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PR- 049-06
February 12, 2006


The following is the text of Mayor Bloomberg’s weekly radio address as prepared for delivery on 1010 WINS News Radio for Sunday, February 12, 2006

"Good Morning.  This is Mayor Mike Bloomberg.

"Any police detective will tell you that in solving crimes, time is of the essence.  The faster they can gather evidence and pursue leads, the better chance they have of apprehending the guilty.

"That's why last summer the NYPD unveiled a brand-new investigative nerve center that dramatically accelerates the way crimes in our city are solved.  Called the Real Time Crime Center; it is staffed 24-hours-a-day by officers who can quickly access data about crime scenes, crime patterns, and potential suspects.  They can then immediately send that information to detectives as they are responding to an incident.  Within minutes, investigators also can tap into sources ranging from transcripts of 911 calls to a database of tattoos and nicknames of people with criminal records.

"To our knowledge, a centralized information system of this scope and speed has never been used to fight crime before.  And it means detectives no longer have to waste precious time at their precincts gathering and analyzing records and other data on their own.  Now they are free to do their investigative work out on the streets.

"Let me give you an example of the Real Time Center's effectiveness:  In December, a man walked into a midtown Manhattan restaurant, pointed a gun at the store manager, and robbed him of the day's receipts.  As the man fled, the manager noticed he had the word 'sugar' tattooed on the back of his neck.  Investigators punched that information into the Real Time Crime Center's database of tattoos and came up with a potential suspect with a violent criminal history.  The suspect's mug shot was later picked out of a photo lineup by the restaurant manager.  Days later, the suspect was apprehended by police and confessed to the crime. 

"In this case, information that might have taken weeks to uncover - if at all - was quickly obtained and put in the hands of detectives who swiftly made an arrest.  Initially, investigators have used the Real Time Crime Center mainly for shootings and homicides. But as a result of its success, it will now be used to investigate all major crimes, including rapes, robberies, stabbings and kidnappings.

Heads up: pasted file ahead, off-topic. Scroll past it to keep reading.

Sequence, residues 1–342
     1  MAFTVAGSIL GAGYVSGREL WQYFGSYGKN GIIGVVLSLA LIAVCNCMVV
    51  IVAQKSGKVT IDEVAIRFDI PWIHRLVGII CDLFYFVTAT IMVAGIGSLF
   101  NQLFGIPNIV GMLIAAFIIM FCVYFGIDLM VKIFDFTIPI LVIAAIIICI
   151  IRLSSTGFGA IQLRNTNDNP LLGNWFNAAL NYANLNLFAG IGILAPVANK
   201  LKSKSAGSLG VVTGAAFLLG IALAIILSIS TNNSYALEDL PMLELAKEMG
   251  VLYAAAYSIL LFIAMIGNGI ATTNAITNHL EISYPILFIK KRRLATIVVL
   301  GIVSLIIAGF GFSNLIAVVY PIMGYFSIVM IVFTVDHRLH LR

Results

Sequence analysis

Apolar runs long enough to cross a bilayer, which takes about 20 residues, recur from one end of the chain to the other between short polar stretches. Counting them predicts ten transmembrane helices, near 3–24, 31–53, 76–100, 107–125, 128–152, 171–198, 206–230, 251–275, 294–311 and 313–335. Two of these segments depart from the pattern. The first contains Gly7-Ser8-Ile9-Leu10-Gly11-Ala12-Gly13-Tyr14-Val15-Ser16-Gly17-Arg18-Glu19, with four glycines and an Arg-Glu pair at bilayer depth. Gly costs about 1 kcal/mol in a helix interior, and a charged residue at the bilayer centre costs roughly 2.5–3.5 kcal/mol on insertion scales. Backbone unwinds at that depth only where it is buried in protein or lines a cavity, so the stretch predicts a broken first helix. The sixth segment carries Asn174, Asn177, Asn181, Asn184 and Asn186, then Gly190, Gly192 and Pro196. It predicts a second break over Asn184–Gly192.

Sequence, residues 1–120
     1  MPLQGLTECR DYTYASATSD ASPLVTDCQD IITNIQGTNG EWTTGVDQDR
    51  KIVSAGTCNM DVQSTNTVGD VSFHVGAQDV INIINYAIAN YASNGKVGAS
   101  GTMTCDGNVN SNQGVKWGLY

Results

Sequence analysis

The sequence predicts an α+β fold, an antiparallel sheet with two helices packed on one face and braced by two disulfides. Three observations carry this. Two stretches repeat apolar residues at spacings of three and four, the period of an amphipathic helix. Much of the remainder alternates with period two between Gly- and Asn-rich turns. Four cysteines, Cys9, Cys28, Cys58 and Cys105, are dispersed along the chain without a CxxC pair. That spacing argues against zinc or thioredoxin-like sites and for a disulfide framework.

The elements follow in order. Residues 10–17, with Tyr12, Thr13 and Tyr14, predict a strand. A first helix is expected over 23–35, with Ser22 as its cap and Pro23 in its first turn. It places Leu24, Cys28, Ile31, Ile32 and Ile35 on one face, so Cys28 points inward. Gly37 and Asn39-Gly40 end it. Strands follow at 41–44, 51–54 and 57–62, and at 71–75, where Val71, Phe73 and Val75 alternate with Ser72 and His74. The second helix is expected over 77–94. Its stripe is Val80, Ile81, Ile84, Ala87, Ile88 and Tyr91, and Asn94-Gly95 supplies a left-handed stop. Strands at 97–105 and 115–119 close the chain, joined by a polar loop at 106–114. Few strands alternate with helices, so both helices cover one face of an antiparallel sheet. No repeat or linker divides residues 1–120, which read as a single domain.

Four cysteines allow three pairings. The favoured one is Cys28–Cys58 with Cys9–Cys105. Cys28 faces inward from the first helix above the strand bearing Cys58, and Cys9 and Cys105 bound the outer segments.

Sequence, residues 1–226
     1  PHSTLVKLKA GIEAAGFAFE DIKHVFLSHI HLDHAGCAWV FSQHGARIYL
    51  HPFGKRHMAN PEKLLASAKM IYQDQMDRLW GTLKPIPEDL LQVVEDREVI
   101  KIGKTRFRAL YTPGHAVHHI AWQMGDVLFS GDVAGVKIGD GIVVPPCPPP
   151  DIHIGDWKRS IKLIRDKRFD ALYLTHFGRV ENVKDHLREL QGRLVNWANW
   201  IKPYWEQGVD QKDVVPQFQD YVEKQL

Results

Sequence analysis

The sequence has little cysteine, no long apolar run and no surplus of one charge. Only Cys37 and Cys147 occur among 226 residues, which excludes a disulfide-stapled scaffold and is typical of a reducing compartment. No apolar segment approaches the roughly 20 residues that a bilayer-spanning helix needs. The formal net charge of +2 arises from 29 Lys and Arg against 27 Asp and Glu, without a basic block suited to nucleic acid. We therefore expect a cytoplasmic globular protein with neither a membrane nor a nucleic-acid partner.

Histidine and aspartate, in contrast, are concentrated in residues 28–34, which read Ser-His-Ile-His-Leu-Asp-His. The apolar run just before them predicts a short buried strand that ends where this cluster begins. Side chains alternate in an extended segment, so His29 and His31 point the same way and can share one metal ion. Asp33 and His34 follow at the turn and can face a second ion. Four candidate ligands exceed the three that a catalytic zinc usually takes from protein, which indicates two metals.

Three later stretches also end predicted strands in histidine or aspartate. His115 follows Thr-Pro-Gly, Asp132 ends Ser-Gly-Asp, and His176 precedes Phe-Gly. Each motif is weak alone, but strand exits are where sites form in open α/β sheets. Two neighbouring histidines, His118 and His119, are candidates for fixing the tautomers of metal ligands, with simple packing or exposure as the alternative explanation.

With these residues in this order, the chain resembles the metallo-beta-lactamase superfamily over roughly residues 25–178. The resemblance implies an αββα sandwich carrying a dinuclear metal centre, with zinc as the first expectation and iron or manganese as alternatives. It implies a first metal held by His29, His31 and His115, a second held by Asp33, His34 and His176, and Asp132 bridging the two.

"We are also expanding its databases and improving the way information is relayed to detectives in the field, by supplying them with 175 new laptop computers that will allow them to tap into the Real Time Crime Center while they're on the go.  And that's going to help us catch criminals faster than ever before.

"Last week, we received more evidence that our crime fighting strategies are producing big results.  The Preliminary Mayor's Management Report - a snapshot of the City's service delivery from July through October 2005 - shows not only encouraging gains in the economy, our schools, and our quality of life, but also that police officers are responding more quickly to crimes in progress, and major felonies in public housing and in our transit system are on the decline.  For the past four consecutive years, there were fewer than 600 murders in the city - something that hasn't happened since the early 1960s.  And since 2001, overall crime is down more than 20%.

"With the Real Time Crime Center's new enhancements, we expect to build on the incredible success we've achieved over the past four years and make the safest big city in the nation even safer."  

"This is Mayor Mike Bloomberg.  Thanks for listening."


Stu Loeser   (212) 788-2958

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